A government task force evaluating the legalization of marijuana in Israel is reportedly set to recommend that cannabis be sold in special stores to those over the age of 21 for recreational use.
The inter-ministerial committee made up of representatives from the Israel Police, Public Security Ministry, Health Ministry, Education Ministry, Finance Ministry, and Justice Ministry is also set to propose a blanket ban on smoking marijuana publicly, Channel 13 reported on Tuesday night.
The soon-to-be published recommendations include a requirement for buyers to show ID at the government-authorized shops. The government will also ensure the prices are fair, to encourage users to buy the drug legally, according to the TV report.
The report by the committee has yet to be formally released. Once it’s finalized, the Justice Ministry will make the final call on whether to adopt the recommendations and draft a government bill to legalize marijuana.
Recreational use of the drug is currently illegal, though the Public Security Ministry partially decriminalized it in 2017, setting fines and treatment for initial offenders instead of criminal procedures.
According to a Sunday report from Channel 12 news, the new legislative push came about following a change of tack within the Health Ministry, which was run until recently by UTJ leader Yaakov Litzman, an anti-smoking advocate.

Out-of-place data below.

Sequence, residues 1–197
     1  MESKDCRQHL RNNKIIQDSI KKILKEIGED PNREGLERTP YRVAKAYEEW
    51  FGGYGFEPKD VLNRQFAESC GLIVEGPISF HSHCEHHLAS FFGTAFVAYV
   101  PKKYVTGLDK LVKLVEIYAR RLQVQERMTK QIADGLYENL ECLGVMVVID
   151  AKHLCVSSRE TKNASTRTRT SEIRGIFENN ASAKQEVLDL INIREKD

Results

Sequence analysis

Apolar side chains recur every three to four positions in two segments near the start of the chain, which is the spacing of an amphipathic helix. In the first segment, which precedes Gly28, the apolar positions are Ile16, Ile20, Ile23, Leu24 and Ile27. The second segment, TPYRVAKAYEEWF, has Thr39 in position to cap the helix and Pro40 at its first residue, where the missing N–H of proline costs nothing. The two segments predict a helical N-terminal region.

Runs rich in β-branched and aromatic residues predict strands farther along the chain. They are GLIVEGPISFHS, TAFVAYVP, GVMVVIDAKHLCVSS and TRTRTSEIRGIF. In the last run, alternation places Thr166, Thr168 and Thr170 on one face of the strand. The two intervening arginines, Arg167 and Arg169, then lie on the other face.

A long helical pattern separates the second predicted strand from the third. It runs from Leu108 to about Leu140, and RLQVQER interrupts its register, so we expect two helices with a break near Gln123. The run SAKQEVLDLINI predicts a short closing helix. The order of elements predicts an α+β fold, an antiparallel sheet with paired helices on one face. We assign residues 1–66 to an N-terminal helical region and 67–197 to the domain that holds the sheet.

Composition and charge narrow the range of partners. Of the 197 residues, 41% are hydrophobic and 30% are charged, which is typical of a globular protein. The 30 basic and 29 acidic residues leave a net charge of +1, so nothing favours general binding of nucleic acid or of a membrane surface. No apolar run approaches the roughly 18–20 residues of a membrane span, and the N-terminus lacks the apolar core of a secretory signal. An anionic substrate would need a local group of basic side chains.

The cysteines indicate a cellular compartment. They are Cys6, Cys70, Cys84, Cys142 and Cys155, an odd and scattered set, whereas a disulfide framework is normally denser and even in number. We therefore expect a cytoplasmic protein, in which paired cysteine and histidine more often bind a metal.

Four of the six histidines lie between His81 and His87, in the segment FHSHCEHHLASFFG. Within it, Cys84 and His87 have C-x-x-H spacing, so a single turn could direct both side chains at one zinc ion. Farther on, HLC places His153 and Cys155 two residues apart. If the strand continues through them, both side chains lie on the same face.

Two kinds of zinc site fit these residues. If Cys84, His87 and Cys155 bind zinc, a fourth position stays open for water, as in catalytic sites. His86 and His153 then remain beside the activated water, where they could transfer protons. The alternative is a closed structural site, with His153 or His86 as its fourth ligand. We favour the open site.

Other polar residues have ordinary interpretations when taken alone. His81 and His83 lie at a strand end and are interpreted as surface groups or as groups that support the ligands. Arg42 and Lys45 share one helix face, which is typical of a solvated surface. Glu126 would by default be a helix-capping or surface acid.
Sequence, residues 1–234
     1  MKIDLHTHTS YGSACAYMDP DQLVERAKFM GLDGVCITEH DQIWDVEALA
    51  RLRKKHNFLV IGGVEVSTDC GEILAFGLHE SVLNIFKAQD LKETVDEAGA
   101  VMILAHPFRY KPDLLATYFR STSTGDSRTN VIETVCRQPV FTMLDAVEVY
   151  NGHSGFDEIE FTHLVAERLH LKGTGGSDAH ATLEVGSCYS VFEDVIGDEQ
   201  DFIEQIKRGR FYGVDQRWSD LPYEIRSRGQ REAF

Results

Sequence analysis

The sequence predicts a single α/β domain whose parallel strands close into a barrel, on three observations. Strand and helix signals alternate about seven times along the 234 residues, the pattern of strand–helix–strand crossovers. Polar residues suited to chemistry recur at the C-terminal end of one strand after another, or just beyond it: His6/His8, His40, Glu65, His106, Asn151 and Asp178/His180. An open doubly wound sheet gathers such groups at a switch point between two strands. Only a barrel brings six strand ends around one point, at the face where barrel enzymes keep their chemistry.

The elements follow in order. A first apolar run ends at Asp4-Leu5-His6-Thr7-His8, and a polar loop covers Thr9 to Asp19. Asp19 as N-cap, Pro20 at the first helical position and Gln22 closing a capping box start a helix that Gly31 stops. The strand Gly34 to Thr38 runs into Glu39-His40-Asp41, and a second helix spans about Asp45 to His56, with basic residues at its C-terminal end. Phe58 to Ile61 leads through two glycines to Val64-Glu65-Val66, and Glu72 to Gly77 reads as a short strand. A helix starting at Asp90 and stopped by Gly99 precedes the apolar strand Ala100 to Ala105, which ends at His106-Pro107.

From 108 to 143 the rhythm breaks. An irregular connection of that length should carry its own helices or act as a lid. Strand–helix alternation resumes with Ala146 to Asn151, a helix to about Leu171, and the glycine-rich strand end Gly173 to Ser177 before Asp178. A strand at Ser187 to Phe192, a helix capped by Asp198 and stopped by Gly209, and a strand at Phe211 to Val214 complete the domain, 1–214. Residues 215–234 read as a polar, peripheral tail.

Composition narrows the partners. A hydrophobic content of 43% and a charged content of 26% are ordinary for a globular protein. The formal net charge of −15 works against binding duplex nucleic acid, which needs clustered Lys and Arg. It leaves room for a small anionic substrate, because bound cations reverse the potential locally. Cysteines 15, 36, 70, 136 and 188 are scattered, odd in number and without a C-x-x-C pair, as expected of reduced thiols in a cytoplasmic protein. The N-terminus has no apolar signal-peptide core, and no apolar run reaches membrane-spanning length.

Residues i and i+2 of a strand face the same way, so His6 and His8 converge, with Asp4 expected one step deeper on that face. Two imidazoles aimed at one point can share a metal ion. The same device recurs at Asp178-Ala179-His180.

Israel has also taken steps in recent years to make medical cannabis available and is poised to become a major exporter of the crop, though medical cannabis users have complained of near-impossible access to the few dispensaries licensed to distribute it.
In June, two linked bills to legalize cannabis use passed preliminary readings in the Knesset ahead of the three votes required for them to become law. Those bills also outlined that selling and purchasing marijuana for personal use would be legal for those above 21 in authorized shops, but growing marijuana at home would still be illegal.
Prime Minister Benjamin Netanyahu’s Likud and Defense Minister Benny Gantz’s Blue and White parties said in a joint statement at the time that they would advance legislation “to resolve the issue of decriminalization and legalization.”
The matter would be done “via a responsible model that will be suited to the State of Israel and the Israeli population,” the statement said.
The statement noted that they had also decided to push medical cannabis reforms in order to make it easier for patients to get access to treatment and for growers to get a license.